Helen Bermingham’s practice explores ideas of memory, interruption and displacement. Using imagery found in old family photographs, figures are lifted from their original setting and isolated from their original context. The figures in her work are recreated; concealed, covered, fading in and out of memory. Through this appropriation, new narratives are created or suggested with a sense of the uncanny; familiar yet strange at the same time.
Can you describe your practice in a few words?
Displacement, interruption, memory, reinvention....blurring, fading, erasing...messy studio...
What is your earliest memory of art?
The Sacred Heart print that was probably in most Irish Catholic homes...!
Have you shown your work in a non-white cube space before?
Yes, I showed some work in a disused old building in Rye a few years ago. It had beautiful crumbling walls and was full of interesting and curious spaces. It gave the artists the opportunity to put work in a different context and create and explore new meanings.
What does this sort of space bring to your work?
In showing at Geddes, personally I hope my work can become almost a 'part' of the domestic space but in an uncanny manner; faded blurred paintings from old photos occupy the space where unknown family photos or paintings previously hung; paintings of domestic objects floating above spaces where potentially real objects owned by previous occupants sat....a kind of pictorial memento mori to an unknown past. I love the potential for 'theatricality' within a space like this; that the space can become a part of the work and vice versa; new narratives can emerge.
Does the environment in which you exhibit your work change how your work is perceived?
A gallery like Geddes can become an immersive experience; work becomes and creates part of a bigger narrative of the space in which it is set. I think the space can almost be less intimidating than the white cube space, it allows the visitor to explore and find art in new and interesting ways.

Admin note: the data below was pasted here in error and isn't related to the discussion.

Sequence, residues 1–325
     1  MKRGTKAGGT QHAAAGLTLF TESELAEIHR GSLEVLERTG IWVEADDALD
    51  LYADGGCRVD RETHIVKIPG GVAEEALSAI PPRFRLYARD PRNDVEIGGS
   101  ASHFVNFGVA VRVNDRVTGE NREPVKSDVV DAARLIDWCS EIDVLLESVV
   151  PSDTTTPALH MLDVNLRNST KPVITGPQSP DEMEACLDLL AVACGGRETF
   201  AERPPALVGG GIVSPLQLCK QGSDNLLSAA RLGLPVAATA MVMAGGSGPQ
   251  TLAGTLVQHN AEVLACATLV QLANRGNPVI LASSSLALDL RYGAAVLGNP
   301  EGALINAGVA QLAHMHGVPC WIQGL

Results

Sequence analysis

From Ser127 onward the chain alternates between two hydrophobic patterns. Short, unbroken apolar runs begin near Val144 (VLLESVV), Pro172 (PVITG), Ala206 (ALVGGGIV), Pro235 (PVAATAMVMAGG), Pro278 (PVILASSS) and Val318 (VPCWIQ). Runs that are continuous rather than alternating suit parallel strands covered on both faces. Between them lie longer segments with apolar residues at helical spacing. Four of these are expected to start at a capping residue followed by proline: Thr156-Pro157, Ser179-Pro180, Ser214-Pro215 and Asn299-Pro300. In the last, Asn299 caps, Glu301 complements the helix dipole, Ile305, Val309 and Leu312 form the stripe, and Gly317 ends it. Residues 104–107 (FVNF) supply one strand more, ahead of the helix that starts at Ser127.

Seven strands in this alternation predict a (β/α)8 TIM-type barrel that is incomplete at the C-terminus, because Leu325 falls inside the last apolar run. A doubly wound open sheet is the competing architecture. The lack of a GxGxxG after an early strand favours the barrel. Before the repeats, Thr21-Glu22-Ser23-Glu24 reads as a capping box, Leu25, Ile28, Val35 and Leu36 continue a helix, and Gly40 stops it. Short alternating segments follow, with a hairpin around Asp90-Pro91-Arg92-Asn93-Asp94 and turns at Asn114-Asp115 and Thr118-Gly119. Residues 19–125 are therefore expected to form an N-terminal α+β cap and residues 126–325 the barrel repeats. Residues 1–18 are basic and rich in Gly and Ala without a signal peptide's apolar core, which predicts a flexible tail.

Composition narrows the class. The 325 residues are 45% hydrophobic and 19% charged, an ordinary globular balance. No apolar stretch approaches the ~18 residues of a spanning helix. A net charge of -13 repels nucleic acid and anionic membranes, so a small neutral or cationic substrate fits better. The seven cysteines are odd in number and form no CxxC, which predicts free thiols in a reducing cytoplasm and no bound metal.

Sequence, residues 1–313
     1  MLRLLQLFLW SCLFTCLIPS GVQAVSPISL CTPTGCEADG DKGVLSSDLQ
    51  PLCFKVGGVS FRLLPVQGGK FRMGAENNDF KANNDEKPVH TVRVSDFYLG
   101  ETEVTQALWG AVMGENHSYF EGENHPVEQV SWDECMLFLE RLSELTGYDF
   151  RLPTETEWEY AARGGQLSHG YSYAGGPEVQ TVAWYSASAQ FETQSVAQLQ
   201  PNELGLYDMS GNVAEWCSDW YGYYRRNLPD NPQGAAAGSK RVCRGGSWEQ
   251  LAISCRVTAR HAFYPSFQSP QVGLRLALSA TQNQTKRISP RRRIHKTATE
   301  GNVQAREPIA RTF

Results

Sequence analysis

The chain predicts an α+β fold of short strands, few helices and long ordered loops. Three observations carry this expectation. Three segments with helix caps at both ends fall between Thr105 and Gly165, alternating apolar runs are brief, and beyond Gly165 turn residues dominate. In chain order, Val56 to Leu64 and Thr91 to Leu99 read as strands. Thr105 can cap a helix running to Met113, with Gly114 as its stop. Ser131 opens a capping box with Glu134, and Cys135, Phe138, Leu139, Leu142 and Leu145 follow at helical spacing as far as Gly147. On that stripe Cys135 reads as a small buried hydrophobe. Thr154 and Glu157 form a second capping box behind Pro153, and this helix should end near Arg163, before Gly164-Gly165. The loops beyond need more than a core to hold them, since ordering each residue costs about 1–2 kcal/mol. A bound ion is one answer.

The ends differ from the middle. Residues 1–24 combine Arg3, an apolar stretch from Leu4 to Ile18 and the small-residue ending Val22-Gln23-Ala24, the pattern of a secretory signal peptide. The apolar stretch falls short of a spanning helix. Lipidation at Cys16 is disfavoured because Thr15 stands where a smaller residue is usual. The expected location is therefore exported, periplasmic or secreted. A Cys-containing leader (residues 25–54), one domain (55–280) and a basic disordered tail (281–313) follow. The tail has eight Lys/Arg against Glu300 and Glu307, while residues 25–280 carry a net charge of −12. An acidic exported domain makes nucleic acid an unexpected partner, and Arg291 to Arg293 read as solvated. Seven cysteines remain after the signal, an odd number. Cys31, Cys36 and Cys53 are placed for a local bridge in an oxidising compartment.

What is your greatest weakness?
Being too self-critical. And coffee.
What was the last exhibition you visited that unnerved you?
Tino Sehgal at Martin Gropis Bau in Berlin last summer. Two of the five performance works involved walking into dark rooms, not being able to see where you were going or who else might be in the room with you. When your eyes adjusted to the darkness you could see the vague silhouettes of the performers in there. You tried to figure out what narratives were happening in the space and sometimes wondered who were performers and who were visitors. Entering the unknown without the aid of one of your major senses created a sense of great vulnerability.
Who have been your main influences over the years, both in historical and recent terms?
I have a background in theatre and work by writers such as Beckett, McDonough and Enda Walsh are a constant influence on me. The poetry and imagery created by the work of Enda Walsh in particular is so beautiful, unsettling and powerful. If I could create paintings that had the same aura as his writing I'd die happy. Over the past few years I've been reading a lot of books by Irish writers exploring family / domestic life in Ireland now and in the past; the effects of growing up in Irish 'culture'. And recently there's been a lot of wonderful new writing emerging from Irish writers off the back of the recession. In terms of artists it's ever changing... Bacon, Schiele, Kollwitz, Richard Billingham, Lars Elling, Caravaggio, Goya, Jan Steen, Manet...to name a few.
What projects do you have coming up in the future?
I have an exhibition of Editions with Hundred Years Gallery showing at Simmons Contemporary soon. There is also a self-initiated drawing project which can be seen on Twitter and Instagram with the aim of creating a drawing everyday for the whole of this year in an attempt to (ironically) counteract a busy working life and generate more imagery for painting.
Helen Bermingham (b. Ireland 1983) is a London based artist working in collage, painting, and drawing. She completed a degree in History of Art and Theatre at Trinity College Dublin and a postgraduate at The Royal Academy of Dramatic Art.
She has exhibited throughout the UK and Europe including with Lubomirov Angus-Hughes Gallery, Zeitgeist Arts Projects, Hundred Years Gallery and Universität der Künste Berlin. Her collage work was recently chosen to be part of the Editions programme at Hundred Years Gallery, London. She was part of the ALAS artists residency with Matt Roberts Arts and was longlisted for Anthology 2015 at Charlie Smith London. Her work is held in private collections in the UK and the USA.